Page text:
WordPress Lab is likely quite different from your typical class. You’ll be learning to code, learning to use WordPress, and learning more about the Internet than you ever thought you would. The things you’re going to learn are very different from what you’re used to so you’re going to have to go about learning them in a very different way. This post will outline a few best practices to help you do well in this class.

Stay Organized

We can’t stress this point enough. You will be creating and downloading more files in the first three weeks of this course than you will in all your other classes combined. This will cause you a lot of confusion and you will lose a lot of work IF you don’t take steps to stay organized.

Stop Saving Files to Your Desktop

Just stop. Don’t do it. You will have 10 different files called “index.html”, “index(1).html”, and so forth. You won’t know what’s what, and what happened to the webpage that you have due in 15 minutes.

Please, for your own sanity, create a folder called “Web Design”, then create a new folder for each homework assignment. If you create some webpages for practice, put them in their own folders and give them descriptive names.

Use Dropbox, Box, or Google Drive

You’re hardcore now, and hardcore people don’t email themselves their own homework. It’s time, if you haven’t already, to start using cloud sharing (free)services. You don’t want to have your files stuck on your home computer or on your laptop after its battery dies. These cloud services create a folder on your desktop that syncs with an online account. In other words, I put a picture of my cat in my Dropbox folder on my laptop, and it gets automatically synced to my dropbox.com account.

Use Keyboard Shortcuts

It might take some getting used to at first, but you will be amazed at how much easier this class and class work in general get because of it. Consider the following workflows:

I want to 1) save a webpage I’m coding in Text Wrangler, 2) switch to my browser, 3)refresh the page to see the changes I made, 4) go back to Text Wrangler 

Using the Mouse

I take my hand off the keyboard and move it to the mouse, move the cursor over to File>Save. I then move the Text Wrangler window out of the way so I can get to my browser window. I drag the browser to where I can see it, move my cursor to the refresh button and click it. I then move the browser window out of the way and move Text Wrangler back in front of me, click to where I want to place the cursor, and start coding again.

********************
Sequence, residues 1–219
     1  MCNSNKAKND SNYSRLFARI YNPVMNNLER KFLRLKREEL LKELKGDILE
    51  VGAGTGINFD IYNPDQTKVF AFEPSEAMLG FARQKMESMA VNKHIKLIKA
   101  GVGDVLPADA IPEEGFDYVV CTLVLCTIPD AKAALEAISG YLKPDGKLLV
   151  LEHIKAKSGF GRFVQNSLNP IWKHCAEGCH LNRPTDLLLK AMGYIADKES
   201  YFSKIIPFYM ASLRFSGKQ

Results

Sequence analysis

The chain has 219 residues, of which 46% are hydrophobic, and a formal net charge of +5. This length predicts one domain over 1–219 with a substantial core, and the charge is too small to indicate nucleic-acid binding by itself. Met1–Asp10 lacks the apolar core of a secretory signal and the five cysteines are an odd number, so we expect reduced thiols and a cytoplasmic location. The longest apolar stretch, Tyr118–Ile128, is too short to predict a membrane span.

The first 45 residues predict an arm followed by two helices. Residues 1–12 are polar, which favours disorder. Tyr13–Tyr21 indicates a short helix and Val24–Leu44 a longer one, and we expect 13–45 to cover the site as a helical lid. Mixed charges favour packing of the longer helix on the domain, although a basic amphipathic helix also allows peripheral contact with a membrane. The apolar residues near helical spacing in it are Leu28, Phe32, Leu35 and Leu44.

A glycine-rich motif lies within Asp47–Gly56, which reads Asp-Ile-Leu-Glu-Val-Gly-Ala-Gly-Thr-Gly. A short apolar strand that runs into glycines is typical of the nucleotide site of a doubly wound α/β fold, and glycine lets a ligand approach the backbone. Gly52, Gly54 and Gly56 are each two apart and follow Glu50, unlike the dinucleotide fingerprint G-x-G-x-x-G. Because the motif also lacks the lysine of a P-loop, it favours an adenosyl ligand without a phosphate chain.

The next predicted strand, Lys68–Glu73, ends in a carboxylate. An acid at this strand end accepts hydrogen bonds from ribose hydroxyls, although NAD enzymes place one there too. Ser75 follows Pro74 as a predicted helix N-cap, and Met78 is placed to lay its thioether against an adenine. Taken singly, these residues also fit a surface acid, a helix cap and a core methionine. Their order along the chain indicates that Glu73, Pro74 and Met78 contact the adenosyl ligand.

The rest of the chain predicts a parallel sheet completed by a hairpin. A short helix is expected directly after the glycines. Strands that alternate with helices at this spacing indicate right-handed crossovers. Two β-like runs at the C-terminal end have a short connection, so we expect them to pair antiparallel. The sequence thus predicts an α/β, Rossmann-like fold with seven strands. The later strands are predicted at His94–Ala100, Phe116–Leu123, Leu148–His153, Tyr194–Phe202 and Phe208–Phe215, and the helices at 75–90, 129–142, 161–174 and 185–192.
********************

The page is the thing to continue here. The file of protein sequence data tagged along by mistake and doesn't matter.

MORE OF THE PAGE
Estimated time: 12-15 seconds

Using Keyboard Shortcuts

I hit ⌘ + S to save
I hit ⌘ + Tab to switch to the last application I used (the browser)
I hit ⌘ + R to refresh the page
I hit ⌘ + Tab to switch back to Text Wrangler and start coding again

Estimated time: 2 seconds

That workflow I just described will happen a few dozen times when you’re creating a webpage and thousands of times over the course of some coding marathons. 12-15 seconds might not sound like much but it adds up. Not only does it waste time, but it’s a pain in the rear to do. It takes you out of the creative mindset and forces you to focus on something that should’t take any of your attention at all.

Use Browser Tabs

Tabbed browsing is one of the best design evolutions in browser history. Get used to clicking links with your scroll wheel to open them in new tabs. The nature of web design is that you need to have a lot of tabs open at once. You need to do one thing in one tab and then see how it affects something in another tab. Clicking back and forth through menus and such will slow you down and make you lose your place. Simply have things open in various tabs and then refresh windows (using ⌘ + R 0f course).

Use the Website

The internet is full of great stuff, but until you get the method of finding that information down you should get well acquainted with the resources we provide to you.

Pay Attention to Class Announcements

We’re not just emailing you for no reason. If you get an email from your instructor in the middle of the week or over the weekend, there’s probably a really good reason for it. There may be a correction in the homework, or clarification of something that’s really confusing you.

If You’re Having Trouble With Something (and you will) Email the Instructor

Do it sooner than 5:00 on a Thursday too. The instructors are here to help you learn this and don’t volunteer to be teachers out of masochism. They really want to help you succeed and are naturally inclined to teach. They have office hours so utilize them. You’de be amazed at how much difference some one-on-one direction makes in this class. If you can’t come to office hours, email the instructors and try and set up another time. Also, don’t be afraid to contact any of the other fellows. They’ve all taken this class too and can most likely help you.


We know you’re not engineers and we don’t want you to be. What we do want is for you to test yourself. Step out of your comfort zone and really try something new. Over the years we hear this again and again: “Until I took this class I didn’t think I was a “techy” person but now I know more about computers than I learned in 5 years.”

You are much, much more capable than you think you are. You’ve been taught to fear these inscrutable machines sitting atop our desks and laps, their inner workings are for the scientists and engineers to divine, but not us. GIIP’s mission is to empower you. On day one of Web Design, you will code a webpage from scratch. On the final day, you’ll have a website you coded from scratch, as well as your own hosted professional looking website for all the world to see.

There will be ups and downs, challenges and triumphs. But at the end of it all, you’re going to be happy that you took this class. You pushed yourself out of your comfort zone and the rewards will be great.